relish (n.)

1520s, "a sensation of taste, a flavor distinctive of anything," alteration of reles "scent, taste, aftertaste," (c. 1300), from Old French relais, reles, "something remaining, that which is left behind," from relaisser "to leave behind," from Latin relaxare "loosen, stretch out," from re- "back" (see re-) + laxare "loosen" (from PIE root *sleg- "be slack, be languid").

Especially "a pleasing taste," hence "pleasing quality" in general. The meaning "enjoyment of the taste or flavor of something" is attested from 1640s. The sense of "condiment, that which is used to impart a flavor to plain food to increase the pleasure of eating it" is recorded by 1797, especially a piquant sauce or pickle: The modern stuff you put on hot dogs (or don't) is a sweet green pickle relish.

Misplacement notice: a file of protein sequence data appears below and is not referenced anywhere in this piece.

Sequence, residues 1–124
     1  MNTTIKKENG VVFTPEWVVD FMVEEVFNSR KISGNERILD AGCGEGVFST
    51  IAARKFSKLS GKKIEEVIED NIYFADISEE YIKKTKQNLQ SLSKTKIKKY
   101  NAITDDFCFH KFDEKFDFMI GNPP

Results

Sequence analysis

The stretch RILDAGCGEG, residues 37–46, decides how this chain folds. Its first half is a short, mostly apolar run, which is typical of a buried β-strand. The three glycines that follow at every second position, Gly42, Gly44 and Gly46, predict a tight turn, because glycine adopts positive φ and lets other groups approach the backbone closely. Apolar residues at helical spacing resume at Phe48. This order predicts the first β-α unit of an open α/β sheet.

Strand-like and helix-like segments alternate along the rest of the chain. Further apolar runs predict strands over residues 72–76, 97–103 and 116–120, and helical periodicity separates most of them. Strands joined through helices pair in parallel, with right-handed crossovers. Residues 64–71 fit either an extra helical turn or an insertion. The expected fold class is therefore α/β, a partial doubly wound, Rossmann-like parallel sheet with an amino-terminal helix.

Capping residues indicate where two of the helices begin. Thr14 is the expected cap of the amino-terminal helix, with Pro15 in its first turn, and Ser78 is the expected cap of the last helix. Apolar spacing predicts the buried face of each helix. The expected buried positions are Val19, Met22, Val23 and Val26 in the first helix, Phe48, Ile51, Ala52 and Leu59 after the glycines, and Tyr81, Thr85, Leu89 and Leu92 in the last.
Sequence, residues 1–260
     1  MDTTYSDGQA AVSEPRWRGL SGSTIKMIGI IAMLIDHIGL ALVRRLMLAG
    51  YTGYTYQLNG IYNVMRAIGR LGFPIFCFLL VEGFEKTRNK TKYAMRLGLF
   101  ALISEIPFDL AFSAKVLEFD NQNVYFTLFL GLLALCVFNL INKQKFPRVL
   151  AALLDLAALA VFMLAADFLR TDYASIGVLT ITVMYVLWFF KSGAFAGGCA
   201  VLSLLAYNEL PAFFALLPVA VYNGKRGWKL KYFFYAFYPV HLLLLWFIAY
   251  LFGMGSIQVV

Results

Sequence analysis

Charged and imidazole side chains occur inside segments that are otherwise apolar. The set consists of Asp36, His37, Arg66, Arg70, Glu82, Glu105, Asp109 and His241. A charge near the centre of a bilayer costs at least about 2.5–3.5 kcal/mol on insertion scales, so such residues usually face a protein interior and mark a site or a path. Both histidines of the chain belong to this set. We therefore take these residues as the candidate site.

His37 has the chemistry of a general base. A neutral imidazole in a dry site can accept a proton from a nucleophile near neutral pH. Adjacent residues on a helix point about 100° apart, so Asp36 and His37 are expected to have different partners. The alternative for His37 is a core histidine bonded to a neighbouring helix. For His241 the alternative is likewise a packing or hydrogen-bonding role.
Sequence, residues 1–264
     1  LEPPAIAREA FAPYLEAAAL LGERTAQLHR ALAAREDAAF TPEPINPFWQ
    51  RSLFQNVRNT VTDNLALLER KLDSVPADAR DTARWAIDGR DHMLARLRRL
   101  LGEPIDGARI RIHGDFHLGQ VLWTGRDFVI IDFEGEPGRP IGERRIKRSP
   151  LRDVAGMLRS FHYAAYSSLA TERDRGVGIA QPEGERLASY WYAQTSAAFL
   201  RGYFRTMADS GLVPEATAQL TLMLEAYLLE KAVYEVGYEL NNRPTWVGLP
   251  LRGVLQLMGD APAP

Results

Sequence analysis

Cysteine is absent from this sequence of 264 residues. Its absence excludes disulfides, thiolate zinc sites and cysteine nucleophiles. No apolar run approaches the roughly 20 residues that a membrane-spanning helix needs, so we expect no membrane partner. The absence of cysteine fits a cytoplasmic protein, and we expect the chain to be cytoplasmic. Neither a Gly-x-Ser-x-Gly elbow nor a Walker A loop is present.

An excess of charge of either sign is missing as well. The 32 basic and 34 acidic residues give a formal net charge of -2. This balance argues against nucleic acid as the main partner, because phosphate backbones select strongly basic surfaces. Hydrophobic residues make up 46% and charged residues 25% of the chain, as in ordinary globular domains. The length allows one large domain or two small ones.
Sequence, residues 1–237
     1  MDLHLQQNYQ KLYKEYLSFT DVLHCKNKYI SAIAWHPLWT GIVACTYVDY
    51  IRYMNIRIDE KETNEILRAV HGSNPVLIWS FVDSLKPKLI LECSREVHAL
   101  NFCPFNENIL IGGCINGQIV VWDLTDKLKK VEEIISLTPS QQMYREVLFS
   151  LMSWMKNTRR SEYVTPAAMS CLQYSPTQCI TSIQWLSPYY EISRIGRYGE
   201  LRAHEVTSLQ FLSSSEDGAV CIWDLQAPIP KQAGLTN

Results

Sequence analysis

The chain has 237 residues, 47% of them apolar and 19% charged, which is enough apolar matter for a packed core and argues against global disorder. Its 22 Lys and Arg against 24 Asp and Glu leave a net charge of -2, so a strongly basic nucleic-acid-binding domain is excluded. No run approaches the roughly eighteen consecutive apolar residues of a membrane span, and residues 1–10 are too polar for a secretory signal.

relish (v.)

1560s (implied in relished), "give flavor to, give an agreeable taste to," from relish (n.). The sense of "to enjoy, like the taste or flavor of, take pleasure in" is from 1590s (compare sense reversals in other similar "taste" verbs: like, please, disgust, etc.). Related: Relishing.

updated on June 25, 2021